Beer and Bacon conversations: a new session at the Leman swine conference!

The organizing committee of the Allen D. Leman swine conference is proud to present a new session: Beer and Bacon conversations! The goal of this unique session is to invite industry leaders to share personal views and experiences with participants in a fun and relaxed environment.

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This year, we are honored that Dr. Matthew Turner, veterinarian and head of pork live operations at JBS, accepted our invitation.

A graduate of North Carolina State University College of Veterinary Medicine, Dr. Turner joined JBS after being a staff swine veterinarian for Prestage Farms for more than 10 years. He was recognized by the American Association of Swine Veterinarian as the 2014 Swine Practitioner of the year and presented the Dr. Alex Hogg Memorial Lecture at the 2017 AASV annual meeting. Dr. Turner is currently an at large member of the Board of Directors of the Swine Health Information Center (SHIC).

The session will be held at the InterContinental hotel on Sunday, September 16th at 5:15pm. Dr. Marie Culhane will get the conversation started but participation from the audience is more than welcome!

Seating for this event is limited. Do mot miss out by registering today!

Science Page: Effects of gestation pens versus stalls and wet versus dry feed on air contaminants in swine production (Part 2)

This is our Friday rubric: every week a new Science Page from the Bob Morrison’s Swine Health Monitoring Project. The previous editions of the science page are available on our website.

This week, we are sharing the second part of a scientific paper from faculty in the School of Public Health at the University of Minnesota, regarding the effect of gestation pens versus group housing and dry versus wet feed on air contaminants. This week we are sharing the second part of the results, you may read the first half here.

Keypoints:

  • Concentration of pollutant levels in the finisher barn were distinctly higher during winter than during summer.
  • Use of a wet feed system reduced respirable endotoxin concentrations substantially.

Objective:

Evolving production practices in the swine industry may alter the working environment. The second part of this research project characterized the wet versus dry feed in finishing on air contaminant concentrations.

Methods:

Eight-hour time-weighted ammonia, hydrogen sulfide, respirable dust, respirable endotoxin, and carbon dioxide concentrations and temperature were measured regularly at stationary locations throughout a year in a facility with parallel finishing rooms using dry and wet feed delivery systems.

Results

All ammonia, respirable dust, and carbon dioxide concentrations were below relevant regulatory and recommended levels . Hydrogen sulfide concentrations were always below the regulatory levels but they reached one of the recommended threshold levels on two occasions in the dry feed room. Respirable endotoxin concentrations regularly exceeded the proposed health-based recommended occupational exposure limit during autumn in the dry feed room and in both rooms during winter.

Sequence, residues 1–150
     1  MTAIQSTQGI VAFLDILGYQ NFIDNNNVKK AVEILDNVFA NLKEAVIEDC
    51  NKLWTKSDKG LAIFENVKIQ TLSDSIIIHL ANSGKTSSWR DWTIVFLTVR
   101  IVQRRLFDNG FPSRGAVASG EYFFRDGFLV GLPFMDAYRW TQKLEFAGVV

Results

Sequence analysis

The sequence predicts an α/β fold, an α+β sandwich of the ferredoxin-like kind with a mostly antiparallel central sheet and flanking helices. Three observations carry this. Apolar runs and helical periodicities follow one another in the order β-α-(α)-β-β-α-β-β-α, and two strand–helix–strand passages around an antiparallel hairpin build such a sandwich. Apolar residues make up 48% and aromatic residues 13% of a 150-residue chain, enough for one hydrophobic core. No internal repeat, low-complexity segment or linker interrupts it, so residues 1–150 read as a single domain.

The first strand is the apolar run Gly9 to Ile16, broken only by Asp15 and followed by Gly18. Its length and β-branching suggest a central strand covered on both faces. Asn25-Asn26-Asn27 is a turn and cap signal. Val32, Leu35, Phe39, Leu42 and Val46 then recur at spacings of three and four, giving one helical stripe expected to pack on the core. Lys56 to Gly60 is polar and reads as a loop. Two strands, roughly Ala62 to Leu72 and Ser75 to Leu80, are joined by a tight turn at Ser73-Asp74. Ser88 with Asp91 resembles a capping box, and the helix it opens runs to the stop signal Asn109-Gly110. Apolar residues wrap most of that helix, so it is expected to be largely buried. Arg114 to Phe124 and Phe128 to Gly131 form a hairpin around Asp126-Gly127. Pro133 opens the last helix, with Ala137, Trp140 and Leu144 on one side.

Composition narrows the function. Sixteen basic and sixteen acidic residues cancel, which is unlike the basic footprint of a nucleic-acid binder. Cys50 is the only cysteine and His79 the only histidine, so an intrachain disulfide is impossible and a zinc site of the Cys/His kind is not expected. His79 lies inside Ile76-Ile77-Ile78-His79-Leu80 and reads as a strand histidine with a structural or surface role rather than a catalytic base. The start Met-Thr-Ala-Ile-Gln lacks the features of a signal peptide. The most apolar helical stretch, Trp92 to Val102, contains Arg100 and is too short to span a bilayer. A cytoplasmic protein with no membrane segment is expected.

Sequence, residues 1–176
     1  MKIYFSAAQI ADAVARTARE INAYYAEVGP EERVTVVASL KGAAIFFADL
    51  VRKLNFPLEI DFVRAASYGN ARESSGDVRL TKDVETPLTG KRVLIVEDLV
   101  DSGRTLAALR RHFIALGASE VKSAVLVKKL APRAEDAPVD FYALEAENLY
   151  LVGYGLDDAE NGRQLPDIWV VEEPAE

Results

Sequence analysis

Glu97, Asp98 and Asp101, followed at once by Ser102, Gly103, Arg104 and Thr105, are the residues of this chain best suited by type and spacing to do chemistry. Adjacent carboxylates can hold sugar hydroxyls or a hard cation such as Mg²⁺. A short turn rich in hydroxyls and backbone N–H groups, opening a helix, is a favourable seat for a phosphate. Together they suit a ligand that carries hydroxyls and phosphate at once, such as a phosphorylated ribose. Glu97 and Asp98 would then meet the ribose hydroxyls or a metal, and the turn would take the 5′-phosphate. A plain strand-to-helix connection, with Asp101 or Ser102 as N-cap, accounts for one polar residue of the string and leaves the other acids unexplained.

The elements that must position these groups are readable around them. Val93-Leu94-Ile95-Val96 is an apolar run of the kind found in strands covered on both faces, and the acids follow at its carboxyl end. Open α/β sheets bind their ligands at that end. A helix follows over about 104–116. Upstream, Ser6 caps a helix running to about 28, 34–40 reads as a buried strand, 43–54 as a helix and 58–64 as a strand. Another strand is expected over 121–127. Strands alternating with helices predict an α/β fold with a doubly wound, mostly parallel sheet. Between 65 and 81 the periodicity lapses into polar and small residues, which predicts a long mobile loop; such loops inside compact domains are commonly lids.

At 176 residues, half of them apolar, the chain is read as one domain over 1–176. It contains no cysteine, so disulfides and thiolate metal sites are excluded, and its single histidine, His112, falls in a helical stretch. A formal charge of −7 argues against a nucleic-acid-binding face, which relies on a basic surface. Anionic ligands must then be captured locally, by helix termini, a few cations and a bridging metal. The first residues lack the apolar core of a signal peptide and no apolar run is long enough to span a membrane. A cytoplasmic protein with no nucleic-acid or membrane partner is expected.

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In all cases, concentrations varied significantly as a function of time. Concentrations of respirable dust, endotoxin and carbon dioxide were distinctly higher during winter than during summer. Temperatures varied significantly with time, but this difference was driven more by the need of the growing piglets than by seasonal differences.

Conclusions

Use of a wet feed system reduced respirable endotoxin concentrations substantially. Changing ventilation rates in response to seasonal differences influenced contaminant concentrations more than feed type.

You can also read the full article on the journal’s website.

Congratulations to the recipients of the Morrison and Pijoan fellowships!

Please, join us in congratulating this year’s recipient of the Pijoan fellowship, Dr. Gustavo Lopez and our first recipient of the Morrison fellowship, Dr. Alyssa Betlach.

Pijoan fellow

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Gustavo Lopez was born in Caracas, Venezuela. He obtained his DVM in 2010 from the Universidad Central de Venezuela and did two short internships at the University of Minnesota which influenced him into focusing to swine health and production.  Gustavo then moved to Russia to work for the largest meat production company. During his 6-year experience he performed different roles such as wean-to-finish production manager, head of genetic services and head of health services. Currently, Gustavo is pursuing a PhD under the guidance of Dr. Torremorell, focusing our research on swine influenza virus.

“I did not have the opportunity of meeting Dr. Pijoan, but i have seen the legacy he has left in the University of Minnesota swine group and the swine industry itself. For me it is an honor to be awarded this fellowship and i intend to live up to the name, by focusing my research towards finding solutions to economical important swine diseases.”

Morrison fellow

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This year, as a part of the Morrison legacy initiative at the University of Minnesota, we created a fellowship for graduate students in honor of Dr. Bob Morrison.

Alyssa Betlach is a graduate student at the University of Minnesota and part-time associate veterinarian for Swine Vet Center. She is originally from Owatonna, MN where she first gained an interest in swine production and medicine while working on a 1,500 sow farm. Alyssa obtained her DVM from the University of Minnesota this spring, while concurrently pursuing graduate studies and a certificate in swine medicine. Her graduate thesis focuses on the characterization of M. hyopneumoniae in swine herds using molecular diagnostics and epidemiology under the guidance of Dr. Pieters.